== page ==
After that it was a watch. I found it whilst vacuuming under the beds in Room 1. The rooms here are not only numbered; they are also named. They are named after places along the river Esk – from Sea to Source. Room 1 is named ‘Glannoventa’ – the Roman Fort down at Ravenglass. On this occasion, I already knew who the watch belonged to – the guests who had checked out of the room earlier that day. Upon contacting the person in question, I was informed that the watch was a gift from her sister, and that it lights up in the dark. I created a bespoke box to send it in. The boxes that our jam, honey, and marmalade breakfast portions come in have incredibly robust corners. One box on its own would have been far to big for this watch, though. So, I cut off two of the corners and slotted them together to make a much smaller box. I packaged the watch in enough bubble wrap to fill the space. I covered the exterior of the box in brown paper and wrote the address so that it was small enough to leave room for the postage sticker, but neatly and big enough to read. A few days later I received a card in the post with a note inside to cover the cost of posting the watch. The woman in question had been staying with her husband and their grandson. She wrote to say thank you, and to say how much their grandson enjoyed their stay – and that they hope it will set him off wanting to explore more. Then the card finished with this: “We all loved the hospitality we received – the lovely welcome and meal when we arrived, and the friendliness of all the staff. It’s the stuff of memories shared.”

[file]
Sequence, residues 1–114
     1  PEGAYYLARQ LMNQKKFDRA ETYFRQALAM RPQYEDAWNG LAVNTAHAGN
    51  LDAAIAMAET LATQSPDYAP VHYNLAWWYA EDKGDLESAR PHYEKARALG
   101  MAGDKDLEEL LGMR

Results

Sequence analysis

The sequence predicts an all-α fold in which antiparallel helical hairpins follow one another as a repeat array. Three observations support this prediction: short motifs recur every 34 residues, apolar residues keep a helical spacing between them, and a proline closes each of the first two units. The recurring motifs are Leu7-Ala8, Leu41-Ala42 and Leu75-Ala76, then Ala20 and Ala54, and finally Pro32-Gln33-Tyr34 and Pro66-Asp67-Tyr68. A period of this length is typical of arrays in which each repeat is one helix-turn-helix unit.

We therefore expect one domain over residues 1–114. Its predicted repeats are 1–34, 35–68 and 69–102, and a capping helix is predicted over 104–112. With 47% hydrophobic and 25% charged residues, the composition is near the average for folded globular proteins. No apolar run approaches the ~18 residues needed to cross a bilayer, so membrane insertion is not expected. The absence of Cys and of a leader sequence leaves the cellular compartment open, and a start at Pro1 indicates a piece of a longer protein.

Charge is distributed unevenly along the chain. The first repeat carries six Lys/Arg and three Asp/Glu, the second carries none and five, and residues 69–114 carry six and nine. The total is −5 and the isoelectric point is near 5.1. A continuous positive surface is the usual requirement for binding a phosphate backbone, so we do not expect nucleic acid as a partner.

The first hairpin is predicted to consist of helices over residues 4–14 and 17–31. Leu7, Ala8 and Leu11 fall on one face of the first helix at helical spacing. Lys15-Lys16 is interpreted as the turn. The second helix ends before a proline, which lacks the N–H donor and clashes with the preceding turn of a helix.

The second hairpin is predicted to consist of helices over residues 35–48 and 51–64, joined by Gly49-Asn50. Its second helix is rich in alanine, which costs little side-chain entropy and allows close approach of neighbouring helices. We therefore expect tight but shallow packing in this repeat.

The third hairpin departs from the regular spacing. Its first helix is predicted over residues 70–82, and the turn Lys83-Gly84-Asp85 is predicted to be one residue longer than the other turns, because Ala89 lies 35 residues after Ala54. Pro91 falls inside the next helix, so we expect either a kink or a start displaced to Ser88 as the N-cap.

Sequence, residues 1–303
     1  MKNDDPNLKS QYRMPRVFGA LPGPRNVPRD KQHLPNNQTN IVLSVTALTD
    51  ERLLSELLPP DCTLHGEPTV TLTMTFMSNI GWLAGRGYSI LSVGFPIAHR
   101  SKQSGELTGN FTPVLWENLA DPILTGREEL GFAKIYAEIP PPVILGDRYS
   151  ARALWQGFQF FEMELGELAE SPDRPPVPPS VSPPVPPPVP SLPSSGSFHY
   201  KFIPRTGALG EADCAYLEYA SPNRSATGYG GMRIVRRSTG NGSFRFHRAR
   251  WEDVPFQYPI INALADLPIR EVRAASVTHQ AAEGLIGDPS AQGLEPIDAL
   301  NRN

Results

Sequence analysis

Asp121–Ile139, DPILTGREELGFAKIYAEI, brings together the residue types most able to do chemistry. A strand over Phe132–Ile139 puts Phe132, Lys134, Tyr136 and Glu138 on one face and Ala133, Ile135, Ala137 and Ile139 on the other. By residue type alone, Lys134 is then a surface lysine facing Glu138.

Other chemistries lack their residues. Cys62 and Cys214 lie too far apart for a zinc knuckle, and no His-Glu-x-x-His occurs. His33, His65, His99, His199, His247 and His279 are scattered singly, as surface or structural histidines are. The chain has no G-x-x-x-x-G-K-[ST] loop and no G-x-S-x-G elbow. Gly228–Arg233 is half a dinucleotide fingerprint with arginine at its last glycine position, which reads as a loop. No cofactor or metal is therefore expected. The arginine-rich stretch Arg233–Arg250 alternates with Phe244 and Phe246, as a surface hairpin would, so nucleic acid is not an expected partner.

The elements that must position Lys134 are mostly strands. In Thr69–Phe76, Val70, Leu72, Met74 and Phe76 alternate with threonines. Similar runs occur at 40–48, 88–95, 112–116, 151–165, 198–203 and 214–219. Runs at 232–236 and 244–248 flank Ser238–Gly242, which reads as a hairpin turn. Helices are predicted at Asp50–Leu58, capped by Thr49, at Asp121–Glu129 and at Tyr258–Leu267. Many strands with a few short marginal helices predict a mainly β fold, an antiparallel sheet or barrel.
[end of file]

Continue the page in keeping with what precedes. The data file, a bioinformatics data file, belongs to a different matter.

The most recent item that I’ve posted back was just a few days ago in fact. A small men’s Berghaus down jacket in dark grey. This had been left in the drying room a couple of weeks ago. They didn’t realise that they were missing it because the weather had since become so hot. This was one of three jackets that had been left at more or less the same time – all forgotten for the same reason, I suppose.


Friday, 29 October 2021

The Subtle Art of Running in Small Circles

 


We’ve been in the Falklands for 26 days now, and we are still very much here.